18/09/2019 - 12:56

Rinehart’s $340m potash investment in strife

18/09/2019 - 12:56

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Gina Rinehart’s Hancock Prospecting may have to pour more funds into the severely cash-strapped UK-based Sirius Minerals, after the company shelved a $US500 million bond issue for a multi-billion dollar potash project in the UK, blaming factors such as a lack of government support and Brexit uncertainty.

Rinehart’s $340m potash investment in strife
Gina Rinehart (left) with officials from Sirius Minerals. Photo: Hancock Prospecting

Gina Rinehart’s Hancock Prospecting may have to pour more funds into the severely cash-strapped UK-based Sirius Minerals, after the company shelved a $US500 million bond issue for a multi-billion dollar potash project in the UK, blaming factors such as a lack of government support and Brexit uncertainty.

In October 2016, Hancock struck a deal to pay $US250 million ($A342 million) for a 5 per cent royalty of the first 13 million tonnes of production from the $US4.2 billion Woodsmith potash mine, which would fall to a 1 per cent royalty after this production milestone was met.

Mrs Rinehart indicated she could use the product at her Australian agricultural operations, which include the Kidman cattle properties.

However, last September, the Hancock funding was pushed forward to help pay for a $690 million cost blowout.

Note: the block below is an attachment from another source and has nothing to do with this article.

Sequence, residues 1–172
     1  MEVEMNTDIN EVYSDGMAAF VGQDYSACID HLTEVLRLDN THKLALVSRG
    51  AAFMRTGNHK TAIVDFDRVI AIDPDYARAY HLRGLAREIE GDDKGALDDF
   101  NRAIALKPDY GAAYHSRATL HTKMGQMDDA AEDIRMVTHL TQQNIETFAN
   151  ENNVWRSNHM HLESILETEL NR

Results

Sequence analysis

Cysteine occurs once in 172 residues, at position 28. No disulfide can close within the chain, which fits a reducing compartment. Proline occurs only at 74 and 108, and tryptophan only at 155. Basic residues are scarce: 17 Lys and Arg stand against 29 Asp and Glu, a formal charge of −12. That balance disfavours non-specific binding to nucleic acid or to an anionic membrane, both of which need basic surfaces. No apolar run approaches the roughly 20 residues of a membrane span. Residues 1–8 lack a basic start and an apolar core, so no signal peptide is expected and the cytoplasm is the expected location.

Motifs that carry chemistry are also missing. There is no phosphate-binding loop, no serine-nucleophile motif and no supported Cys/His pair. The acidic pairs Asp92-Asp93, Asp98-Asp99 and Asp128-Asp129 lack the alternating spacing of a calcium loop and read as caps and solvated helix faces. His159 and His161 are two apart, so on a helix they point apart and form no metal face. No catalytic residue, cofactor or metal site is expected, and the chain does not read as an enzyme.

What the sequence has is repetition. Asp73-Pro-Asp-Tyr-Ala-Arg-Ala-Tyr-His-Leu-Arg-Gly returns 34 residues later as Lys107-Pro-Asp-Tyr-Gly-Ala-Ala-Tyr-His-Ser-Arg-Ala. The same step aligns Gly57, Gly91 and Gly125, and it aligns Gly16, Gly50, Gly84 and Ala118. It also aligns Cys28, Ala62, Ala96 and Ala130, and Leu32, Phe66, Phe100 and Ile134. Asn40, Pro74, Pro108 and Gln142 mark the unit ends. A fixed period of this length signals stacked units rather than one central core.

Hancock also agreed to purchase $US50 million ($A73m) in Sirius shares, but this investment has not yet been executed.

The lack of investor interest into the now-scrapped $US500 million bond issue also means that a broader $US2.5 billion funding package has been postponed indefinitely.

Additionally, the UK government has refused to give a guarantee over $US1 billion worth of bonds for the project.

About 1,200 current employees are at risk if the project is cancelled.

It's anticipated the project will provide 2,500 operational jobs if it overcomes the financing hurdles and goes ahead.

Sirius’s share price on the London Stock Exchange collapsed by 53 per cent on the announcement.

Sirius chief executive Chris Fraser said poor market conditions and the UK government pulling its support led to the decision to scrap the bond issue.

“Due to the ongoing poor bond market conditions for an issuer like Sirius we have not been able to deliver our stage 2 financing plan,” he said.

“The government has reviewed the case for the provision of the support requested to facilitate the financing of the project and has decided not to provide the support requested. 

“The company believed this commitment would have enabled the company's financing to be delivered as planned.”

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